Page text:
The Bottom Line

This technical brief shows clear differences — in both raw performance and performance consistency — between the Micron 9100MAX NVMe SSD and a legacy PCIe SSD.

Using a PostgreSQL database and an OLTP workload, a single Micron 9100MAX NVMe SSD delivers on the promise of NVMe:

  • New orders per minute: Up to 69% better
  • Transactions per minute: Up to 69% better
  • Average response time: As much as 41% lower
  • Response time consistency: As much as 20% better

The 9100MAX moves OLTP workloads forward, supporting the most demanding requirements and ushering them into next generation data management — all at the speed of now.

How We Tested

Test Database and Schema

To ensure consistent maximum performance from the PostgreSQL database, some PostgreSQL parameters were modified from their default values (using PgTune), as shown in Table 1.

Parameter Value
Default_statistics_target 100
Maintenance_work_mem 2GB
Effective_cache_size 72GB
Work_mem 768MB
Shared_buffers 30GB
Checkpoint_segments 4096
Checkpoint_timeout 5 min
Checkpoint_completion_target 0.8
Seq_page_cost 0.5
Random_page_cost 2.0
Bgwriter_delay 15
Bgwriter_Iru_maxpages 1000
Effective_io_concurrency 1000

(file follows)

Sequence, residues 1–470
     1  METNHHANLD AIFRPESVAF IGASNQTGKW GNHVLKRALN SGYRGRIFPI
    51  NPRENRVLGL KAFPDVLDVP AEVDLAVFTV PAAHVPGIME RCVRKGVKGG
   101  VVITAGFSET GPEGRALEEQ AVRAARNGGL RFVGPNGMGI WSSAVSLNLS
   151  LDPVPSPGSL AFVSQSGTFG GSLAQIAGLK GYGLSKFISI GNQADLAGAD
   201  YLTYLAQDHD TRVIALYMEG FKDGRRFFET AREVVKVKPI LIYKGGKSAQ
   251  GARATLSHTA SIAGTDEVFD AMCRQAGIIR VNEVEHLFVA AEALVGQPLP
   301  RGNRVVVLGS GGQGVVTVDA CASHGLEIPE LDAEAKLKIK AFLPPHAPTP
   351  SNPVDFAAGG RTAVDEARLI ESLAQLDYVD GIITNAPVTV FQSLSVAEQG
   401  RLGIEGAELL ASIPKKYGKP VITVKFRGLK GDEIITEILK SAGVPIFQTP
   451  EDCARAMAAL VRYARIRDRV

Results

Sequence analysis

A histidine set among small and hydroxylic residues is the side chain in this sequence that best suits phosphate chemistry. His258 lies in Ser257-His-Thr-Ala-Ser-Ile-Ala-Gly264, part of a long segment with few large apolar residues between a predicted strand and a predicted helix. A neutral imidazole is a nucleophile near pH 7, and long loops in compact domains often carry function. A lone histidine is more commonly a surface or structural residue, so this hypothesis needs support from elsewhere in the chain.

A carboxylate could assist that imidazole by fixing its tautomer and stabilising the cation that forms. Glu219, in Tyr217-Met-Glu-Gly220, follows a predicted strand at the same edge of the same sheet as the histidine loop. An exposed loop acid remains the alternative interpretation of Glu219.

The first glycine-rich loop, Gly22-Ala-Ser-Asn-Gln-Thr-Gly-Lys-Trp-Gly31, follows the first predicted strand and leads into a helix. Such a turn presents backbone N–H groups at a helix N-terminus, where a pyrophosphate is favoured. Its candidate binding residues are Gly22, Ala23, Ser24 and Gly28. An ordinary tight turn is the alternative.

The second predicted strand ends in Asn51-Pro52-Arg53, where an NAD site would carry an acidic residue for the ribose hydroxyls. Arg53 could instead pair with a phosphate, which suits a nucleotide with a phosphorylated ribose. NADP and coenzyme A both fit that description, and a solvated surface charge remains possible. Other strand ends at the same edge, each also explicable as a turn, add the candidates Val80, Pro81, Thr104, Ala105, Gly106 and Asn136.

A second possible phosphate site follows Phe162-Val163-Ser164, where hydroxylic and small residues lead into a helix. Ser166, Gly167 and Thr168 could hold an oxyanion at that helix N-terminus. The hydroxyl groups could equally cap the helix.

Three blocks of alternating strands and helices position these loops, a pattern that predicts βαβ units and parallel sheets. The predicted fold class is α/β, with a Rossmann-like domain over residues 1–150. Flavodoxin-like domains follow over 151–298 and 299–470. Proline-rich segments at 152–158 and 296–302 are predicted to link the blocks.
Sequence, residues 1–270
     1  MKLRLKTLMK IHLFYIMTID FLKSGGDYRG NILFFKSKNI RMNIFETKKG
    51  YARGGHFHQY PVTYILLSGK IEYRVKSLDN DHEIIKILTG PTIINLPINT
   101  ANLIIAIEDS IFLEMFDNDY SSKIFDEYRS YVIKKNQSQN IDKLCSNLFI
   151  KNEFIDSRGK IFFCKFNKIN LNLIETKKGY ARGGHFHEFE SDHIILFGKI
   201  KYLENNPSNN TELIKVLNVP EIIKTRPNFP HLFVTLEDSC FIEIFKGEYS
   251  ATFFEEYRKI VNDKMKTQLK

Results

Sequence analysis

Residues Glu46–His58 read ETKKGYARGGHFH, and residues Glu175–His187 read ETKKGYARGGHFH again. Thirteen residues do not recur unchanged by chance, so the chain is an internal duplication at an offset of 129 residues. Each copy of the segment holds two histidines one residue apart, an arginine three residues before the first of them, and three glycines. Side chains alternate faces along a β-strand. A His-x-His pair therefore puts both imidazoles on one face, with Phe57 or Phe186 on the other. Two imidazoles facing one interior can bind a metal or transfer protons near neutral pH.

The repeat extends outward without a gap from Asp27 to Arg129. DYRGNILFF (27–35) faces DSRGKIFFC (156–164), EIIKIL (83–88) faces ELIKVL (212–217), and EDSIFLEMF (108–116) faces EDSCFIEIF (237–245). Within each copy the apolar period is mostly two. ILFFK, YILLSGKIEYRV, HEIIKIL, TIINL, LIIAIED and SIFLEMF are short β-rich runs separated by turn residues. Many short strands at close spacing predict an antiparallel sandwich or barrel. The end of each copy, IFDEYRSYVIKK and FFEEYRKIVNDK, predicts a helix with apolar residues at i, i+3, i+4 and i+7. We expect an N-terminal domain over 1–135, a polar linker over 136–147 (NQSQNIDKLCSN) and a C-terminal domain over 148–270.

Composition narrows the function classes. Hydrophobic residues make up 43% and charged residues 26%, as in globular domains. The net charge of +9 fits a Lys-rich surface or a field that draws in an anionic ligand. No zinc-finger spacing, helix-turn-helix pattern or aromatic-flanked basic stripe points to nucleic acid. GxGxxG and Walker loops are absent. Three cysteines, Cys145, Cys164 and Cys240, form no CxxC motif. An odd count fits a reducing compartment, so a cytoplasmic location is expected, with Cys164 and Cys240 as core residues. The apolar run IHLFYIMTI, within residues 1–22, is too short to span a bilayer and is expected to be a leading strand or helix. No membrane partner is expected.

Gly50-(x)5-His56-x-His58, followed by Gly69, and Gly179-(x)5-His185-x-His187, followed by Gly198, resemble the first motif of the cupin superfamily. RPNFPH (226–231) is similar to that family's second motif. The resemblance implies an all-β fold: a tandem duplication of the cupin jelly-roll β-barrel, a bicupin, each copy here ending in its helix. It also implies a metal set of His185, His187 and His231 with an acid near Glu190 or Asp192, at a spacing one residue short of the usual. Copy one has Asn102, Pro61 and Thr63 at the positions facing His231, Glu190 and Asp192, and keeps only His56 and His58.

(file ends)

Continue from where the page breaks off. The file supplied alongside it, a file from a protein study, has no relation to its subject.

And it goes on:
Table 1: PostgreSQL Database Parameters

For testing, a warehouse/district/customer/item model was used, composed of an approximately 800GB database (larger than the available memory), resulting in a read-heavy storage I/O workload. For each test, the schema was identical to the tables and row counts shown in Table 2.

Table Number of Rows
NEW_ORDER 67,500,000;
ORDER_LINE 2,250,000,000
CUSTOMER 225,000,000
HISTORY 75,000
ITEM 750,000
ORDER 2,250,000,000
STOCK 750,000,000

Table 2: Schema Tables and Row Count

Platform Configuration

To ensure consistent and comparable results, identical hardware and software platforms and databases were tested. (Note: Database settings and file locations changed as part of the testing.) For each test, the test sequence was identical.

Database Server

  • Dell™ PowerEdge™ R730xd
  • 2 Intel® Xeon® E5-2690 v3 processors
  • 128GB RAM
  • 1x 1.2TB Micron 9100MAX NVMe SSD
  • 1x 1.4TB legacy (AHCI) SSD with optimized driver loaded